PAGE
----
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Administrative data

Description of key information

The test item does not possess any acute toxic potential below 2000 mg/kg bw (reference 7.2.1 -1).

Key value for chemical safety assessment

Acute toxicity: via oral route

Link to relevant study records
Reference
Endpoint:
acute toxicity: oral
Data waiving:
study scientifically not necessary / other information available
Justification for data waiving:
other:
Justification for type of information:
JUSTIFICATION FOR DATA WAIVING
In early studies, the test substance given intravenously in dogs was found to be relatively non-toxic. Moderate toxicity after intraperitoneal injection in rats is reported in SAX’s with an LD50 of 500 mg/kg body weight. Information on oral toxicity of test substance in rodents have been found through several studies undertaken during the National Toxicology Program (NTP), including 14 day, 13 week, and 2 year feeding studies in rats and mice. These studies were published in November 1996 as NTP’s Technical Report Series, No. 465 (TR-465): Toxicology and Carcinogenesis Studies of Phenolphthalein (CAS no. 77 -09 -8) in F344/N Rats and B6C3F1 Mice (Feed Studies).1 In these studies, the dose range applied in oral feed exceeds the limit dose for acute toxicity studies according to the OECD Guideline for the Testing of Chemicals No. 423 throughout the protocols. For example, in the 13 -week study in rats groups of 10 male and 10 or 9 female F344/N rats were given 0, 3000, 6000, 12000, 25000, or 50000 ppm test item equivalent to average daily doses of approximately 200, 400, 800 , 1600, or 3500 mg/kg body weight. All study rats survived the end of the study and no mortality was observed. The final mean body weight of the 50000 ppm females and the mean body weight gains of the females were significantly lower compared to those data of the controls. The final mean body weight and mean body weight gains of all other exposed groups were similar to those of the controls. Thus, in can be concluded that the test substance does not possess any acute toxic potential below 2000 mg/kg bw. These findings suggest that further acute oral toxicity studies for the test substance are scientifically unjustified and should thus not be performed due to animal welfare reasons.
References: Repeated dose toxicity studies: (1) NTP 1996, 14-day oral feed rats (2) NTP 1996, 13-weeks oral feed rats
Reason / purpose for cross-reference:
data waiving: supporting information
Reason / purpose for cross-reference:
data waiving: supporting information
Endpoint conclusion
Endpoint conclusion:
adverse effect observed
Dose descriptor:
discriminating dose
Value:
2 000 mg/kg bw

Additional information

Information on oral toxicity of the test substance in rodents have been observed through several studies undertaken through the National Toxicology Program (NTP), including 14 day, 13 week, and 2 year feeding studies in rats and mice. These studies were published in November 1996 as NTP’s Technical Report Series, No. 465 (TR-465): Toxicology and Carcinogenesis Studies of Phenolphthalein (CAS no. 77 -09 -8) in F344/N Rats and B6C3F1 Mice (Feed Studies)(1). In these studies, the dose range applied in oral feed exceeds the limit dose for acute toxicity studies according to the OECD Guideline for the Testing of Chemicals No. 423 throughout the protocols. For example, in the 13 -week study in rats groups of 10 male and 10 or 9 female F344/N rats were given 0, 3000, 6000, 12000, 25000, or 50000 ppm test item equivalent to average daily doses of approximately 200, 400, 800 , 1600, or 3500 mg/kg body weight. All study rats survived the end of the study and no mortality was observed. The final mean body weight of the 50000 ppm females and the mean body weight gains of the females were significantly lower compared to those data of the controls. The final mean body weight and mean body weight gains of all other exposed groups were similar to those of the controls. Thus, in can be concluded that the test item does not possess any acute toxic potential below 2000 mg/kg bw. These findings suggest that further acute oral toxicity studies for the test substance are scientifically unjustified and should thus not be performed due to animal welfare reasons.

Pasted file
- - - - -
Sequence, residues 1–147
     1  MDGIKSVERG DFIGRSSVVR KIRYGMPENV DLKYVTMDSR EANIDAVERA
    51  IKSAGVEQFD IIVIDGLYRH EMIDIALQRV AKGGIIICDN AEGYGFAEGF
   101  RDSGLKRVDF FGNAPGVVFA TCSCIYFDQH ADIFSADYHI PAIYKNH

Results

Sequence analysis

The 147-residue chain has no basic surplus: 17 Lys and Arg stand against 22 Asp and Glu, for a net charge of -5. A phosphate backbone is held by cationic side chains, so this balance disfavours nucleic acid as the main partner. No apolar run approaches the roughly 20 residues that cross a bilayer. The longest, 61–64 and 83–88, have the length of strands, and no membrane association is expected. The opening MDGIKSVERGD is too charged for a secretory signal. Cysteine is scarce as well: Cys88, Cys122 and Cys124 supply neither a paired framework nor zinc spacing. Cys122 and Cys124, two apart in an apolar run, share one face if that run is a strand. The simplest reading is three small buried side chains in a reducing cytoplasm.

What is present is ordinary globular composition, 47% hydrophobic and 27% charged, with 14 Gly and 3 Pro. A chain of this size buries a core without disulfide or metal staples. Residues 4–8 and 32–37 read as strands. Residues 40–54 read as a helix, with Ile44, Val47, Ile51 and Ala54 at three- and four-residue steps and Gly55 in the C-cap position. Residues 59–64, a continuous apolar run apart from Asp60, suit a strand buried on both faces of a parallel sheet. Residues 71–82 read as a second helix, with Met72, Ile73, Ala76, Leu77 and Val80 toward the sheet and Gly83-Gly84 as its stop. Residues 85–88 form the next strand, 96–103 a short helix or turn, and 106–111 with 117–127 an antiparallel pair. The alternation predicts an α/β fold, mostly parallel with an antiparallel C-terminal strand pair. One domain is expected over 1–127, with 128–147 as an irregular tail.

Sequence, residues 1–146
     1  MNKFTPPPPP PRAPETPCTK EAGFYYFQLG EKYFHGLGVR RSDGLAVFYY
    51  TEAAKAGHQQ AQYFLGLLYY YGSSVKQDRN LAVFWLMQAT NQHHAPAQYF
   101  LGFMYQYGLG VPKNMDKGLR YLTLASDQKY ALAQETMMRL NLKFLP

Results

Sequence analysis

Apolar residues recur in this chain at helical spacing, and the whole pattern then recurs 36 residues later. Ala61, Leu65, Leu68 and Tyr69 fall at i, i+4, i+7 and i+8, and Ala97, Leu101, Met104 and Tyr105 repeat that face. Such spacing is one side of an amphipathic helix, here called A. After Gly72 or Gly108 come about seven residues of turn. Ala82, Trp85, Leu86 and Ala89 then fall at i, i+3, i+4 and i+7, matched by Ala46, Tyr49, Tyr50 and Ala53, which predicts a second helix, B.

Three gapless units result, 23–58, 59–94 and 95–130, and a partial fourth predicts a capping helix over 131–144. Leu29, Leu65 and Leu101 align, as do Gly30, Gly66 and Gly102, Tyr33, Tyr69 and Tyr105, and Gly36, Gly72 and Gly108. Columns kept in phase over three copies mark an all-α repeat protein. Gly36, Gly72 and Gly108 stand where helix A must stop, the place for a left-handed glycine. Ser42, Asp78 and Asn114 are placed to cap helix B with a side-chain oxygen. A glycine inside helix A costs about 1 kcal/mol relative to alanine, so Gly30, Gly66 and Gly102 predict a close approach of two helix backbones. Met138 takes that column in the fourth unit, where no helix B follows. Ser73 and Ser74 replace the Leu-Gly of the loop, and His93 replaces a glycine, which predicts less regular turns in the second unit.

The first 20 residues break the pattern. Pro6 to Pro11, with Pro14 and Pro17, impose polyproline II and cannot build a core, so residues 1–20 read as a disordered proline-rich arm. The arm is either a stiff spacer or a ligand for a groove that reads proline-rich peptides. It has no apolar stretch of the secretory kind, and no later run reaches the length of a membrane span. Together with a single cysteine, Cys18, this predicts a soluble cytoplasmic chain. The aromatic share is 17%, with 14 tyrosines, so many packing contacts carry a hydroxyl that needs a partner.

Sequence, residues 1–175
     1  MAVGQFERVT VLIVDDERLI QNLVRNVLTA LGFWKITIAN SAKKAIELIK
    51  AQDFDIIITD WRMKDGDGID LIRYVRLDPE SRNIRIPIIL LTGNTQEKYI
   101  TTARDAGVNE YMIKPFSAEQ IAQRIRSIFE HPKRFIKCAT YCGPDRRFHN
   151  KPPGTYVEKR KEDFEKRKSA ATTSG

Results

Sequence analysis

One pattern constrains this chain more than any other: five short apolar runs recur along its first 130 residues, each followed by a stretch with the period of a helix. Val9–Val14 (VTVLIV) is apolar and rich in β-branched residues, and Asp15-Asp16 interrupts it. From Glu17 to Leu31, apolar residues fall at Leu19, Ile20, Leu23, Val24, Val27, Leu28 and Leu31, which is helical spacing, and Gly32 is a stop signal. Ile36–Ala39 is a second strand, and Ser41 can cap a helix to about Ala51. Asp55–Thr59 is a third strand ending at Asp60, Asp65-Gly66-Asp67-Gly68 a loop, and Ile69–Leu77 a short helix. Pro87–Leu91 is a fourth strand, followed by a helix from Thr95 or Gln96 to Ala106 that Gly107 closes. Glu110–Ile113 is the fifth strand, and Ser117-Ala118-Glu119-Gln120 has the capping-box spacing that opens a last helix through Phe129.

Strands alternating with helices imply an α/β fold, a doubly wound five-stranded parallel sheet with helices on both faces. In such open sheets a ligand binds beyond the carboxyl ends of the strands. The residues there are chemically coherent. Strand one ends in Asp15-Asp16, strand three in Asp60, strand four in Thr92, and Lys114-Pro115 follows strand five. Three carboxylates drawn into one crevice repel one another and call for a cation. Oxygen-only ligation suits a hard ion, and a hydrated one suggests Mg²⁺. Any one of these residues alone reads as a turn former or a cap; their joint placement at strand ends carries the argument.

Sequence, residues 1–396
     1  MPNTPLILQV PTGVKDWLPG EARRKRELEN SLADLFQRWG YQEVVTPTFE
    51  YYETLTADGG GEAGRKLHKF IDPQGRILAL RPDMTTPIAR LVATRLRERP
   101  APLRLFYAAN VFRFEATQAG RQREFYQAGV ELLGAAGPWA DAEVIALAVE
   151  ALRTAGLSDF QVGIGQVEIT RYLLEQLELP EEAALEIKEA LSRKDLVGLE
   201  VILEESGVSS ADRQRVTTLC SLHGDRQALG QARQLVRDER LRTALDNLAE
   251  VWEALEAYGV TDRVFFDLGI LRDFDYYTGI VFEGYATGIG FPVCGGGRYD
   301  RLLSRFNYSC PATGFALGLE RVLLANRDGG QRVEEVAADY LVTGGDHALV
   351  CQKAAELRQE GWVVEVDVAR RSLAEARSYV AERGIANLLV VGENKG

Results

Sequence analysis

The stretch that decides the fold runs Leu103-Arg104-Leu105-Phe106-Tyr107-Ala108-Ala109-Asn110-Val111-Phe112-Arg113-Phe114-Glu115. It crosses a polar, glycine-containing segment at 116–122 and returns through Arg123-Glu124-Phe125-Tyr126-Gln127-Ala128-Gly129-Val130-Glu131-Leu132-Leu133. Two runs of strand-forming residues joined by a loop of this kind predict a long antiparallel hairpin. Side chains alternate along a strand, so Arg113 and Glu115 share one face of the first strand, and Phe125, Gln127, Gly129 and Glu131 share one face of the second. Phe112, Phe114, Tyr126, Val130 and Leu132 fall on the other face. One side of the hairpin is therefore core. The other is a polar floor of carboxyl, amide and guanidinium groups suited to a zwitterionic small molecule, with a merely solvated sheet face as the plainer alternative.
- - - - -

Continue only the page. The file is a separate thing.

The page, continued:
References: Repeated dose toxicity studies: (1) NTP 1996, 14-day oral feed rats (2) NTP 1996, 13-weeks oral feed rats

Justification for classification or non-classification

Classification, Labelling, and Packaging Regulation (EC) No 1272/2008
The available experimental test data are reliable and suitable for classification purposes under Regulation (EC) No 1272/2008. Based on available data, the test item is not classified as acute toxicity according to Regulation (EC) No 1272/2008 (CLP), as amended for the fourteenth time in Regulation (EU) 2020/217.